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Recent Examples on the Web: Noun The digital gauge cluster lacks the configurability of some but shows a lot of info in an easy-to-digest format. Joe Lorio, Car and Driver, 22 Sep. 2021 So this special edition of our media digest is a preview of the week ahead and the entire season ahead in media. Brian Stelter, CNN, 6 Sep. 2021 The trio of reports, published Wednesday in the Morbidity and Mortality Weekly Report, the CDC's scientific digest, also reinforce the idea that vaccines alone will be unable to lift the nation out of the pandemic. Compiled Democrat-gazette Staff From Wire Reports, Arkansas Online, 19 Aug. 2021 But doctors have also said that some registries can take too much time to access and digest. Maia Szalavitz, Wired, 11 Aug. 2021 In the early and mid-1990s, working primarily for the magazine The Source, at the time the definitive digest of hip-hop’s commercial and creative ascendance, Mr. Modu was the go-to photographer. New York Times, 29 May 2021 Google will then send you an email digest on all the news coverage for that topic within a certain time frame. Kevin Kruse, Forbes, 10 May 2021 The thinking is that the ancient grains might be more healthful than modern ones, perhaps containing less gluten and other hard-to-digest protein. Joshua Hammer, Smithsonian Magazine, 18 Aug. 2021 Cooking unlocked previously unavailable calories (in raw meat and tough-to-digest veggies), which gave us the energy necessary to evolve bigger brains. Zan Romanoff, Los Angeles Times, 27 July 2021 Recent Examples on the Web: Verb The mathematicians say that the technical details of the work will take time to digest. Quanta Magazine, 6 Oct. 2021 Their four chamber stomachs, which categorize them as a ruminant, like cattle, enable them to digest the roughage. Camille Sauers, Chron, 30 Sep. 2021 Stopping the growth of harmful bacteria will help the body digest and absorb your healthy food choices. Celeste Polanco, Essence, 28 Sep. 2021 The reality is, not all employees learn or digest information the same way. Heidi Lynne Kurter, Forbes, 24 Sep. 2021 There's a lot for stock investors to digest in the markets right now, between an upcoming Federal Reserve meeting this week, the potential for higher taxes, and the implications of China's Evergrande debt crisis. Anne Sraders, Fortune, 20 Sep. 2021 And there's a lot of new stuff to digest for the 2022 model year, as Subaru has just debuted a new WRX and VW is bringing over the new Mk 8 Golf GTI and Golf R hot hatchbacks. Joey Capparella, Car and Driver, 10 Sep. 2021 There was a lot to digest on both sides of the ball. Mark Daniels, USA TODAY, 20 Aug. 2021 There will be some nutritionists out there appalled by this, but eating simple foods that are easy to digest just works best for my body. Ali Francis, Bon Appétit, 27 Apr. 2021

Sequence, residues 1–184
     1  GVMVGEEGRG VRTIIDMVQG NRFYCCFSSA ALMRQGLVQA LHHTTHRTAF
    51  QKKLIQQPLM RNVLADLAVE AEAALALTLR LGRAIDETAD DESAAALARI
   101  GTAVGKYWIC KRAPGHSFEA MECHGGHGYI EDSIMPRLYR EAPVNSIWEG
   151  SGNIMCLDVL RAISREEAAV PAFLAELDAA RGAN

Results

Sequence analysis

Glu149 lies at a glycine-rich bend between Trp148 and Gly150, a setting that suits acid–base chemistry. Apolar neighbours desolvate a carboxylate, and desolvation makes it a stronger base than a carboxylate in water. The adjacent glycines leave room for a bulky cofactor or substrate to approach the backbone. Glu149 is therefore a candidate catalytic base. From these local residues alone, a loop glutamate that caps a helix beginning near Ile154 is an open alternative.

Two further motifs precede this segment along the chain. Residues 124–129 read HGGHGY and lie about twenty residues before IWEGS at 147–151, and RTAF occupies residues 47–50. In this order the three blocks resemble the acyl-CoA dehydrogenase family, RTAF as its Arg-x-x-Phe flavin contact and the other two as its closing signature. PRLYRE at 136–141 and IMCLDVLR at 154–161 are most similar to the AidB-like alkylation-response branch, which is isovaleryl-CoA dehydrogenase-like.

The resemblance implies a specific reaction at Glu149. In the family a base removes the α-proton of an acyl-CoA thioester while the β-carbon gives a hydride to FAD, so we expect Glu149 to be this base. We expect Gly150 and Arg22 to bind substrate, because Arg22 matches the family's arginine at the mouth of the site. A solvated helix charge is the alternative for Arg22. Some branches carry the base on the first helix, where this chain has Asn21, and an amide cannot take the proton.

These example sentences are selected automatically from various online news sources to reflect current usage of the word 'digest.' Views expressed in the examples do not represent the opinion of Merriam-Webster or its editors. Send us feedback.